Let Z stand for a set of scale-invariant variables of the problem in a first-order formulation. Z (r) is an element of the phase space, and Z (r, t) a solution. The self-similar solution is of the form . In the echoing region, where dominates, we linearize around it. As the background solution is -independent, , its linear perturbations can depend on only exponentially (with complex exponent ), that is
where the are free constants. To linear order, the solution in the echoing region is then of the form
The coefficients depend in a complicated way on the initial data, and hence on p . If is a critical solution, by definition there is exactly one with positive real part (in fact it is purely real), say . As from below and , all other perturbations vanish. In the following we consider this limit, and retain only the one growing perturbation. By definition the critical solution corresponds to , so we must have . Linearizing around , we obtain
This approximate solution explains why the solution is universal. It is now also clear why Eqn. (15) holds, that is why we see more of the universal solutions (in the DSS case, more ``echos'') as p is tuned closer to . The critical solution would be revealed up to the singularity if perfect fine-tuning of p was possible. A possible source of confusion is that the critical solution, because it is self-similar, is not asymptotically flat. Nevertheless, it can arise in a region up to finite radius as the limiting case of a family of asymptotically flat solutions. At large radius, it is matched to an asymptotically flat solution which is not universal but depends on the initial data (as does the place of matching).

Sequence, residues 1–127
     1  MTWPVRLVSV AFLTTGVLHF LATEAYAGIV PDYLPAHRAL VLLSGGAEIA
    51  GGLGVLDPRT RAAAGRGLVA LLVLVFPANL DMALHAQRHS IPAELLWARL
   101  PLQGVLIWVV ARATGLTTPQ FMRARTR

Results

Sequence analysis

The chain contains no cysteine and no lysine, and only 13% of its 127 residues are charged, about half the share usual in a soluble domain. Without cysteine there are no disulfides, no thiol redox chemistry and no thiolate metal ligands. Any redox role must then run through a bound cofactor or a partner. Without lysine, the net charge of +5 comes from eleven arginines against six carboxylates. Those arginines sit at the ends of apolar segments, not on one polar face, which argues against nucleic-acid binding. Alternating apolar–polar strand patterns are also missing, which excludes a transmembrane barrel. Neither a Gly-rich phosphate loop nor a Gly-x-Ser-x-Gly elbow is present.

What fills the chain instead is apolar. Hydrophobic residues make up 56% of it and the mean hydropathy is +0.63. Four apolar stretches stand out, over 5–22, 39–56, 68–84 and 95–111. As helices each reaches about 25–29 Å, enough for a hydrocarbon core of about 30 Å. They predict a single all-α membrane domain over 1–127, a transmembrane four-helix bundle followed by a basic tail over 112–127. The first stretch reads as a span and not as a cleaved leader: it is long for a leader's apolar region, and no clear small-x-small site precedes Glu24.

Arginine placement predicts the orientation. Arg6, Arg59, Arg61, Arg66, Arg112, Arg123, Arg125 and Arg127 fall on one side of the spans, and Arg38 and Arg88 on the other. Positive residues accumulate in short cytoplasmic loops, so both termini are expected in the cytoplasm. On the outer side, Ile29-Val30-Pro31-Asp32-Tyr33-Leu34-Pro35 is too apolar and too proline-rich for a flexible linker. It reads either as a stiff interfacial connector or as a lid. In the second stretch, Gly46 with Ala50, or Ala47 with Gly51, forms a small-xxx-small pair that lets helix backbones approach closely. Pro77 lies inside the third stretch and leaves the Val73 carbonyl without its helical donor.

The solution has the approximate form (33) over a range of . Now we extract Cauchy data at one particular value of within that range, namely defined by
where is some constant , so that at this the linear approximation is still valid. Note that depends on p . At sufficiently large , the linear perturbation has grown so much that the linear approximation breaks down. Later on a black hole forms. The crucial point is that we need not follow this evolution in detail, nor does it matter at what amplitude we consider the perturbation as becoming nonlinear. It is sufficient to note that the Cauchy data at depend on r only through the argument x, because by definition of we have
Going back to coordinates t and r we have
These intermediate data at depend on the initial data at t =0 only through the overall scale . The field equations themselves do not have an intrinsic scale. It follows that the solution based on the data at must be universal up to the overall scale. In suitable coordinates (for example the polar-radial coordinates of Choptuik) it is then of the form
for some function f that is universal for all 1-parameter families . This universal form of the solution applies for all , even after the approximation of linear perturbation theory around the critical solution breaks down. Because the black hole mass has dimension length, it must be proportional to , the only length scale in the solution. Therefore
and we have found the critical exponent .
When the critical solution is DSS, the scaling law is modified. This was predicted in , and predicted independently and verified in collapse simulations by Hod and Piran . On the straight line relating to , a periodic ``wiggle'' or ``fine structure'' of small amplitude is superimposed:
with . The periodic function f is again universal with respect to families of initial data, and there is only one parameter c that depends on the family of initial data, corresponding to a shift of the wiggly line in the direction .
It is easy to see that for near-critical solutions the maximal value of the scalar curvature, and similar quantities, scale just like the black hole mass, with a critical exponent . Technically, it is easier to measure the critical exponent and the fine-structure in the subcritical regime from the maximum curvature than from the black hole mass in the supercritical regime .
|Critical Phenomena in Gravitational Collapse
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